Seminar topics include:

  • Demo of microphone test methods substitution, equalized source, and transfer function in SoundCheck
    • How to calibrate for these measurements
    • What are the trade-offs?
  • Advanced microphone test measurements
    • Polar plot
    • Self noise and signal to noise
    • Open loop
    • Active/passive noise rejection

Presenters: Steve Tatarunis
Duration: 63 Mins

Advanced microphone test resources

SoundCheck comes with many pre-written sequences including the sequences demonstrated in this seminar including the microphone test sequences for measuring microphone self noise, microphone substitution, frequency response and sensitivity, and open loop. Additionally, we offer the sequences featured in this seminar microphone polar plot measurements with the new MDT-4000 turntable and open loop microphone test in our sequence library for download. Along with the sequences featured in this seminar, our sequence library is full of additional pre-written sequences for basic microphone measurement.

More about advanced microphone tests

Check out our main page on Microphones, which includes links to test sequences, relevant products and more.

Basic Microphone Measurement Seminar

Technical Support Manager, Steve Tatarunis discusses and demonstrates basic microphone measurement, and how to measure characteristics that matter. Three different basic microphone test methods are explained including substitution, equalized source, and two-channel transfer function. Testing microphones in SoundCheck yields a full array of important results, since SoundCheck can be used to test microphone specifications including frequency response, sensitivity, impedance, directivity/polar pattern, polarity, dynamic range, signal to noise/self-noise, polarization/bias. Finally, two basic microphone measurement techniques are demonstrated: equalized source, and microphone substitution.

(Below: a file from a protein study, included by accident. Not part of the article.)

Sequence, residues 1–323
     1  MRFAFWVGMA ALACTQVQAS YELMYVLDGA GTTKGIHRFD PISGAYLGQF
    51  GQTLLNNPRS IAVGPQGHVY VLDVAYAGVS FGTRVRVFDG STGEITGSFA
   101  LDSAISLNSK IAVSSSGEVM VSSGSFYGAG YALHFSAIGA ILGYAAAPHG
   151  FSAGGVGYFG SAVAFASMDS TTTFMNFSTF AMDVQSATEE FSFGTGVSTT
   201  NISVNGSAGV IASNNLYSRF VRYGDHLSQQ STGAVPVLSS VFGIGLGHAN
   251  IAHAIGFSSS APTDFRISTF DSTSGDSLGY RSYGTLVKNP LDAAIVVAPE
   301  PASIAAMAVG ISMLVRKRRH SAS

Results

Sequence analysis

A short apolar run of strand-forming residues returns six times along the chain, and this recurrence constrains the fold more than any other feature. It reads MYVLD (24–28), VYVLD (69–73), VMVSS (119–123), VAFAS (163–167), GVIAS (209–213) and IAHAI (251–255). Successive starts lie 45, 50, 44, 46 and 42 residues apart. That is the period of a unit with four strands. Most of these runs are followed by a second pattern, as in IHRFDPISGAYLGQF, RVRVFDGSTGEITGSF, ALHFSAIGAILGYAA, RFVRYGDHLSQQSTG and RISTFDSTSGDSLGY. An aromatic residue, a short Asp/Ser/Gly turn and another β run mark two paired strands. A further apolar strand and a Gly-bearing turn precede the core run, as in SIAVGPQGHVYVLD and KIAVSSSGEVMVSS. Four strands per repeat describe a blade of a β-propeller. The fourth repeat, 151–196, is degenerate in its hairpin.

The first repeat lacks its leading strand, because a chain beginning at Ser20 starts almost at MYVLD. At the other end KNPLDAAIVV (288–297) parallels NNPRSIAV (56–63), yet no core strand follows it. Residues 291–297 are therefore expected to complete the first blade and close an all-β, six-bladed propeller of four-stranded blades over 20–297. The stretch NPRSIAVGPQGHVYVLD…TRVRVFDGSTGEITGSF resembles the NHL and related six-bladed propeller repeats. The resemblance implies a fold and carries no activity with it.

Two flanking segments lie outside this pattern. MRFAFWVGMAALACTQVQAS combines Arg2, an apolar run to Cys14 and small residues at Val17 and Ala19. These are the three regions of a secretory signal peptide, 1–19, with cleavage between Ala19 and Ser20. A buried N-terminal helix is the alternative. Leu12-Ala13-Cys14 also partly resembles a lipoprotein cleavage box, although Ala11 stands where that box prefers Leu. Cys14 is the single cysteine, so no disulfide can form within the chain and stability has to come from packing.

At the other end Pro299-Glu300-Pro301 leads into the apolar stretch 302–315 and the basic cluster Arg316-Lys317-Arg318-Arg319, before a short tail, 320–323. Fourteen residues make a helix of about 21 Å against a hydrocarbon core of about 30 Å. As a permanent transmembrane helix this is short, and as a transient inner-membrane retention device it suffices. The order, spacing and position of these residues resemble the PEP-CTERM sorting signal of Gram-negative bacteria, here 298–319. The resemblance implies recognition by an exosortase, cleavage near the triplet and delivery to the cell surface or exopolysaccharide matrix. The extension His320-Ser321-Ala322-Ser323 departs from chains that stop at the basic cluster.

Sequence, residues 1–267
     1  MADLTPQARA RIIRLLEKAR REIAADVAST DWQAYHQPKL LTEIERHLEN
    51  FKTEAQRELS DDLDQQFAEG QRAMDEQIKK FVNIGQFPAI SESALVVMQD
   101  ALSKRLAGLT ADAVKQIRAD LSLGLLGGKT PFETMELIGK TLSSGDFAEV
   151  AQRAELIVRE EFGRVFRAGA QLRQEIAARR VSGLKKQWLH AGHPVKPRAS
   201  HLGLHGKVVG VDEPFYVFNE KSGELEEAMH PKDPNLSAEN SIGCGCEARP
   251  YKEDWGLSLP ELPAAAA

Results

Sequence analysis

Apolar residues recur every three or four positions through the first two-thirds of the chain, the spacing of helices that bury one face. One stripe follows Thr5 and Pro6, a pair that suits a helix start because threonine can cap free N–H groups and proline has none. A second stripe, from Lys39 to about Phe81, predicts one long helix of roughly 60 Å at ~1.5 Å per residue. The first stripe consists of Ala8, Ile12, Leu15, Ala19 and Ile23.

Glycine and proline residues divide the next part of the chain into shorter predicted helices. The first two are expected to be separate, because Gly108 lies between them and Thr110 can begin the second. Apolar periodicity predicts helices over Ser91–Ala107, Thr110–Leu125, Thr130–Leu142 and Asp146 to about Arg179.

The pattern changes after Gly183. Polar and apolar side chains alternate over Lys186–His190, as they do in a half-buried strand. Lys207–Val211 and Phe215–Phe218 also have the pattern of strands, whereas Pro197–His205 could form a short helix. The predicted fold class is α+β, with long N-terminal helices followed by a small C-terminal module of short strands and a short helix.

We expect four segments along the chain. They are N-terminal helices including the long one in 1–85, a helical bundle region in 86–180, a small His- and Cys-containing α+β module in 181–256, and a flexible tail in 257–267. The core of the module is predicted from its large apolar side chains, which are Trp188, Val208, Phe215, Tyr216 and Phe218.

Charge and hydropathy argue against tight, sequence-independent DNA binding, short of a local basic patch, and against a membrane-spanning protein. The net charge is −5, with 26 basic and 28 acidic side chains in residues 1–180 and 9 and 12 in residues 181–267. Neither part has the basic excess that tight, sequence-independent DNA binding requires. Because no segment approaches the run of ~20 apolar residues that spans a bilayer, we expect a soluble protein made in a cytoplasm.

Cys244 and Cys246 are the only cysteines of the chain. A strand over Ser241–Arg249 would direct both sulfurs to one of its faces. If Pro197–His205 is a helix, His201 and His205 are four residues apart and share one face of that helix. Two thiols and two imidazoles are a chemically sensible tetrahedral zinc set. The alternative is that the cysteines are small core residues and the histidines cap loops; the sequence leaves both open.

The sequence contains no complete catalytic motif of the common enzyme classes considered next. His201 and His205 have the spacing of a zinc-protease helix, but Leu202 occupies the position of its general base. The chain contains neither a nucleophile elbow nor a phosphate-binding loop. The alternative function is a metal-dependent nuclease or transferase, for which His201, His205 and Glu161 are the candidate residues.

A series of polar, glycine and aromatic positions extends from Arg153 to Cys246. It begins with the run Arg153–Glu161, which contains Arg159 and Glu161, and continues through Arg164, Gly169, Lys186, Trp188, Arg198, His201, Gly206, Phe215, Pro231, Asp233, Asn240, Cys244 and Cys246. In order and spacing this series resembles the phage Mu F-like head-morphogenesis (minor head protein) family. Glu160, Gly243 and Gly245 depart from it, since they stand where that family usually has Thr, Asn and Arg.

Seminar topics include:

  • Common microphone types and how they work
  • Microphone specifications
  • How to measure microphones using the two standard methods available in SoundCheck
    • Substitution method
    • Equalized speaker method
  • R&D and production test environments
  • Important measurements such as frequency response, sensitivity, etc.

Presenters: Steve Tatarunis
Duration: 34 Mins

Basic microphone measurement resources

Our sequence library is full of pre-written sequences for basic microphone measurement. Additionally, SoundCheck comes with many pre-written sequences including the sequences demonstrated in this seminar. To take these sequences to the next level, we offer more complex testing scenarios like microphone polar plot measurements with the new MDT-4000 turntable.

More about basic microphone measurement

Check out our main page on Microphones, which includes links to test sequences, relevant products and more.

Microphone SNR Measurement (Background Noise Method)

This sequence characterizes a microphone’s ability to passively and/or actively reject noise in the user’s environment.  Unlike traditional microphone SNR measurements which calculate a ratio based upon a reference signal and the microphone’s noise floor, this method utilizes a signal (speech played from a mouth simulator) and noise (background noise played from two or more equalized source speakers) captured by both a reference microphone and the DUT microphone.

First a recording of the baseline ambient noise in the test environment is made and a 1/3 octave RTA spectrum is calculated from the recording. Next, the speech signal (mouth simulator) and noise signals (Left and Right speakers) are played consecutively and recorded separately using the reference microphone. A 1/3 octave RTA spectrum is calculated from each recorded time waveform. Next the same measurements are repeated using the DUT microphone. The resulting RTA spectra are then post processed to produce a signal gain spectrum and a noise gain spectrum which are then used to derive the SNR spectrum of the DUT mic. For best accuracy, the Signal and Noise spectra should be at least 5 dB above the ambient noise floor of the measurement environment.